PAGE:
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targeted cryoablation therapy - See cryosurgery. -

technetium -99m - A radiotracer commonly used in nuclear medicine for many different types of examination. It decays within 24 hours, leaving no residual radiation.

technologist - (tek-nol-a-jist) - One trained in and using the techniques of a profession, art, or science. -

temporary brachytherapy - A radiation therapy treatment for cancer in which radioactive material sealed inside a seed or pellet is placed inside the body in or near a tumor for a specified amount of time and then withdrawn. This treatment can be administered at a low dose rate (LDR) or high dose rate (HDR). -

testes (plural of testis) - See testis. -

testicle - See testis. -

testicular torsion - The twisting of the spermatic cord that contains the vessels that supply blood to the scrotum. -

testis (testes plural) - One of the two male reproductive glands that produce spermatozoa (sperm) and male hormones (testosterone). The testes are located behind the penis in the scrotum. -

the amount of radiant energy absorbed in a certain amount of tissue. , rem or roentgen -equivalent-man

the cavity that exists around the lungs and underneath the chest wall. - -

the international unit of exposure dose for x -rays or gamma rays. Roentgens are named after Professor Wilhelm Konrad Roentgen, the man who discovered x-rays in 1895. , sievert (Sv) (see-vert)

therapeutic radiology - A medical specialty and the study of radiation treatment of abnormal tissue (nonmalignant or cancerous) through the use of x-rays or radionuclides.

therapist - (thar-a-pist) - One professionally trained and/or skilled in the practice of a particular type of therapy.

thoracic - Refers to the chest or ribs region of the spinal column, which includes twelve bones, or vertebrae labeled T-1 through T-12

three -Dimensional Conformal Radiotherapy (3D-CRT) - This type of external beam radiation therapy combines multiple radiation treatment fields to deliver precise doses of radiation to the affected area. Tailoring each of the radiation beams to focus on the tumor delivers a high dose of radiation to the tumor and avoids nearby healthy tissue.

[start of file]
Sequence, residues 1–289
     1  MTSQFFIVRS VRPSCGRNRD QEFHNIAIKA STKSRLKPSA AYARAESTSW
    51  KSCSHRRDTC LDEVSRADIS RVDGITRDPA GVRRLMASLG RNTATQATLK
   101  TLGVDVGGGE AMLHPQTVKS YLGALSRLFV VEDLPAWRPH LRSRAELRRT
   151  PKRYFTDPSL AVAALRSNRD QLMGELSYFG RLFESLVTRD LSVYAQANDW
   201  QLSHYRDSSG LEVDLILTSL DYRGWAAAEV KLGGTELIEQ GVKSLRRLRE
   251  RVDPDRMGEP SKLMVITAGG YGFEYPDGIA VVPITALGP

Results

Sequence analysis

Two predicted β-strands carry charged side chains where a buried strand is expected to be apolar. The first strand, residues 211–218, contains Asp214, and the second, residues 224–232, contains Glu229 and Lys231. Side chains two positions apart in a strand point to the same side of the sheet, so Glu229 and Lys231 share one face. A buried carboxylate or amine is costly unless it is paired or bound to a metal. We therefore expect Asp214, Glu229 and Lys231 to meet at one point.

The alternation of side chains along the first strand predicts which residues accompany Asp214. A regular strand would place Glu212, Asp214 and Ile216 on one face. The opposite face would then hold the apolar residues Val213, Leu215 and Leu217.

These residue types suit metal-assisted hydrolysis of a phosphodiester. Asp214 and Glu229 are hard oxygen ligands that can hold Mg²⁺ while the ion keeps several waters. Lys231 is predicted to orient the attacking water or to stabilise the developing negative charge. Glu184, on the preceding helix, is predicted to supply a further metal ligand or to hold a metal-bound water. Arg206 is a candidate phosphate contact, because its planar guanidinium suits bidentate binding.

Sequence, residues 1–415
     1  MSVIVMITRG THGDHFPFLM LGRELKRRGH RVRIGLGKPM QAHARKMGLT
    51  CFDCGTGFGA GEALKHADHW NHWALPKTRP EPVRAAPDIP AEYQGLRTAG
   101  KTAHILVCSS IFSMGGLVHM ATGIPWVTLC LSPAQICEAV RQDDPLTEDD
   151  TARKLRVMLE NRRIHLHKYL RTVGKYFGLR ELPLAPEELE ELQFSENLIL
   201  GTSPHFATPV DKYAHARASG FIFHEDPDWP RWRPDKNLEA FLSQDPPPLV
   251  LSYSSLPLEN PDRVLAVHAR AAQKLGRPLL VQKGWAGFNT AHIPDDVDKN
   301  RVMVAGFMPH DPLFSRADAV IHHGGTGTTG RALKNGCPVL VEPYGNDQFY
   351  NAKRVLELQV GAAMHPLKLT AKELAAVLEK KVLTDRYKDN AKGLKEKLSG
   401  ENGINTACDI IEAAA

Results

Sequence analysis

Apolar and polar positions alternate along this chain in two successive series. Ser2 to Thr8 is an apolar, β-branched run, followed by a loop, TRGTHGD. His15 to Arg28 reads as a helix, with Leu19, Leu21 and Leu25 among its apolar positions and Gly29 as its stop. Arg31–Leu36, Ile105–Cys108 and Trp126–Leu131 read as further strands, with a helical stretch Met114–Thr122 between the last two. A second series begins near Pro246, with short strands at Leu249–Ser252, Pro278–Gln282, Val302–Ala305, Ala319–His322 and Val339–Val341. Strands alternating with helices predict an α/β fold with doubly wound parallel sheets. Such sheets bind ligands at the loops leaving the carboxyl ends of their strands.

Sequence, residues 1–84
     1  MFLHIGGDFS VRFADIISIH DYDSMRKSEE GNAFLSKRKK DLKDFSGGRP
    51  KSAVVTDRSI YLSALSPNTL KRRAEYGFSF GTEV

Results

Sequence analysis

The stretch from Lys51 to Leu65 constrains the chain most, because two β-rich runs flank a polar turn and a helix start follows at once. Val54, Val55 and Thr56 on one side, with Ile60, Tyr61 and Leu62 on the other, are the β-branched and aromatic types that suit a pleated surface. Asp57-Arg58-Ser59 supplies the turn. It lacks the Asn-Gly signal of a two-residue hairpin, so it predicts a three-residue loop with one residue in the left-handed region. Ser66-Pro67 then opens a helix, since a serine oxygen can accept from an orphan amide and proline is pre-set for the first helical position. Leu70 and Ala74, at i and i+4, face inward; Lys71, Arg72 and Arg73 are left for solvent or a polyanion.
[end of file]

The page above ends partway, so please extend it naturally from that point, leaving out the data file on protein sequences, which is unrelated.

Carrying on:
thrombolysis - See catheter-directed thrombolysis.

thrombolytic agent - One of a group of medications used to dissolve clots within the blood vessels of the body. -

thrombophlebitis - Inflamation of a vein that results when a blood clot, a thickened mass of blood, forms along the wall of a blood vessel. -

thrombosis - A blood clot or thrombus that forms in a blood vessel or organ of the body, potentially blocking the flow of blood. -

thyroid gland - (thI-rOYd) - One of nine endocrine glands in the body, located in front of the neck just below the Adam's apple. It is shaped like a butterfly, with two lobes on either side of the neck connected by a narrow band of tissue. The thyroid gland produces thyroid hormones that set the rate the body carries on its necessary functions (metabolic rate). Some of the functions controlled by thyroid hormones include heart rate, cholesterol level, body weight, energy level, muscle strength, skin condition and vision.

thyroid scan - A nuclear medicine examination that helps evaluate the structure of the thyroid. The thyroid is a gland in the neck that controls metabolism, a chemical process that regulates the rate at which the body functions. -

thyroid uptake - Also known as radioactive iodine uptake test (RAIU). -